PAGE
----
In November we will once again transition to Standard Time. Darkness will descend sooner and street lights as well as those in parks, parking lots and other public and commercial spaces will begin to lighten our way at an earlier hour. With an economy that is challenging both corporate and community coffers, solar street lights (as well as other outdoor lighting) should be considered an applicable resource for dependable, cost-efficient outdoor lighting. As a matter of fact, many communities have already jumped on the solar-powered street light bandwagon.
Usually, highways and other wide thoroughfares require solar lamps supported by solar panels to provide approximately 10 hours of maximum illumination with limited battery drainage or damage. The lights and panels should be positioned in a fashion that facilitates the widest distribution of light. It’s also important to ensure that this light is not disbursed like a spotlight or giant beam, as this can be hazardous to drivers. The weight of some panels may require stronger posts or mounting options. The frequency of windy conditions can also impact the kind of pole chosen to hold the lamps and panels.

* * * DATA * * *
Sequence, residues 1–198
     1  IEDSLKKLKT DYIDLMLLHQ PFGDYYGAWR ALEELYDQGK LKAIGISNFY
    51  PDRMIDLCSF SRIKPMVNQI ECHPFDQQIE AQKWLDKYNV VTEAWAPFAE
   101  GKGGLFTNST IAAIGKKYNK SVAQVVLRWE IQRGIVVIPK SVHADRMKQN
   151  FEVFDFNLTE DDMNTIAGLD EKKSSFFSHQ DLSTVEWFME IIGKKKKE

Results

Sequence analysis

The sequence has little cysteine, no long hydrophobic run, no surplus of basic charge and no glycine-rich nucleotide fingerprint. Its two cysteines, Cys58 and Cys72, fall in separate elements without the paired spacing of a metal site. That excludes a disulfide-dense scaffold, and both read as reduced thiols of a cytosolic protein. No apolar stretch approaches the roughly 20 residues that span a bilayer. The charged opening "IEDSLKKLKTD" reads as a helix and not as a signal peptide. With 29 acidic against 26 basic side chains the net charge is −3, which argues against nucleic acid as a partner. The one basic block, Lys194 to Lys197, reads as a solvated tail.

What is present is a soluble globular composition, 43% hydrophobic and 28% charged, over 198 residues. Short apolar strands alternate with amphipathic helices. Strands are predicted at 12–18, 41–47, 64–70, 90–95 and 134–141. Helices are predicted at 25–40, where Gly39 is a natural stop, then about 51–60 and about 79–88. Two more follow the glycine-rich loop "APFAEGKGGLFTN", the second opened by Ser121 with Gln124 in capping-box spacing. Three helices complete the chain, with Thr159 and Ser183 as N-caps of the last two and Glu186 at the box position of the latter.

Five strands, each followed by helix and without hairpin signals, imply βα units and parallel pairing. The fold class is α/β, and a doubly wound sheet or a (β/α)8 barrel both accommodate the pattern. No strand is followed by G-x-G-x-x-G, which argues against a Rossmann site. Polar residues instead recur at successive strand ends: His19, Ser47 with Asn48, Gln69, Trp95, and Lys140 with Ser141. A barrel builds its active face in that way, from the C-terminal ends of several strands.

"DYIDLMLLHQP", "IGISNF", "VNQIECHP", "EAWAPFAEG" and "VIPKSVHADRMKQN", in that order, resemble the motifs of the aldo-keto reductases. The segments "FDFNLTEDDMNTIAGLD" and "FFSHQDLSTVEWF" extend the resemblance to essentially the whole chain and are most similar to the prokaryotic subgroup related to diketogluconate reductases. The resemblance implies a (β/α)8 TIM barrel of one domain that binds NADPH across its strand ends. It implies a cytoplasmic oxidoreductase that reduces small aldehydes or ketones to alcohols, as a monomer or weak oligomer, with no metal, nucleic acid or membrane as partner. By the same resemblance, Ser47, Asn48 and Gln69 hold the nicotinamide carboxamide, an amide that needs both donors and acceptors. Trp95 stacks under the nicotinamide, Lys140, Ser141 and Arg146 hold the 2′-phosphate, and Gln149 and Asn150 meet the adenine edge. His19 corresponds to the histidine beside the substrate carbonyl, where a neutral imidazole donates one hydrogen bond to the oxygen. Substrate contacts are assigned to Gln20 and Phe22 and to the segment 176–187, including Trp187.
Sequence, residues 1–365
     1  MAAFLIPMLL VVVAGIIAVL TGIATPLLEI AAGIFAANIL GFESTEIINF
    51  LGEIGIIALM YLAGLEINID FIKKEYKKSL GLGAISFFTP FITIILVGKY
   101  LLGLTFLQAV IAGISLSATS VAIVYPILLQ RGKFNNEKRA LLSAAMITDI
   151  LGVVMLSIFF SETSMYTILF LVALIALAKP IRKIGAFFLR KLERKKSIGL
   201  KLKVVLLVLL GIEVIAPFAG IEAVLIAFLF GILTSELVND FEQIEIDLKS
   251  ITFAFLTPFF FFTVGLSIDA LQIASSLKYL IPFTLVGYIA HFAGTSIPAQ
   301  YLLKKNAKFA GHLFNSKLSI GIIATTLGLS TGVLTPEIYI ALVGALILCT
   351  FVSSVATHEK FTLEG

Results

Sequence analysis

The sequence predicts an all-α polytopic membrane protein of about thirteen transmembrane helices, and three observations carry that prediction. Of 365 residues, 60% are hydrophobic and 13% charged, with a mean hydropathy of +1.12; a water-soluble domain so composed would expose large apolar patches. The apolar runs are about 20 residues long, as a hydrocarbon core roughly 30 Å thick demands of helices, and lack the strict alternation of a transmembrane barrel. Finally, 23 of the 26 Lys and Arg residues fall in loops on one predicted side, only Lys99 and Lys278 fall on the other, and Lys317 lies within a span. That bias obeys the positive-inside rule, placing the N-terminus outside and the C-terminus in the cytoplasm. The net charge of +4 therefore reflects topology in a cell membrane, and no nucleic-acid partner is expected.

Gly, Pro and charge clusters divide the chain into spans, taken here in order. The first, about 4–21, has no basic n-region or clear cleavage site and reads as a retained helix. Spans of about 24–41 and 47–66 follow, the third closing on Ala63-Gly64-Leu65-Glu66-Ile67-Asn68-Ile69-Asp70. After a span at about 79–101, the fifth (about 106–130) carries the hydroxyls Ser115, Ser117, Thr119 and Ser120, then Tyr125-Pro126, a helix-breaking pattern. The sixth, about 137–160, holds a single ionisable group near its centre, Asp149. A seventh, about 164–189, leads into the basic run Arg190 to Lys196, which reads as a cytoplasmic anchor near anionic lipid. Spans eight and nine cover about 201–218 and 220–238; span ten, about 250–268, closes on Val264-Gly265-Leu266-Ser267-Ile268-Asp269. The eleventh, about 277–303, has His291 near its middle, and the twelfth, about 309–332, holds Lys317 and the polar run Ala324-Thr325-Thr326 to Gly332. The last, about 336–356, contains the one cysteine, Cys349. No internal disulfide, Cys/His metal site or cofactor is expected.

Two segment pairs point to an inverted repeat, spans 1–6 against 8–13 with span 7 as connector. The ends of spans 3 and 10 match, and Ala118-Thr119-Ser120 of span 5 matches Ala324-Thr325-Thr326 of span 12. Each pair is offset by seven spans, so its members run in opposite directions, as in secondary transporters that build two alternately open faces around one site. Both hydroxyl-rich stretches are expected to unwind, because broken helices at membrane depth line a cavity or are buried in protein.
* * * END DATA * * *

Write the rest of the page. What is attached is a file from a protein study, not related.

Another option for capable outdoor lighting is LED. This type lighting, for example, uses minimal battery energy. Yet, LEDs are capable of producing bright, effective, long-lasting, economic illumination in any outdoor area.
The function and expectations of individual highway and/or street lights as well as any other lighting purchased for outdoor use should be discussed with the manufacturer in order to make the best possible choice. Aside from economic advantages, solar powered outdoor lighting requires minimal maintenance. They need no on-off manipulation and can even dim, to adjust to changes in natural light.
As individuals and the nation as a whole move toward more eco-friendly, cost efficient choices and as solar technologies continue to improve, more and more solar powered lighting will become the standard throughout our communities.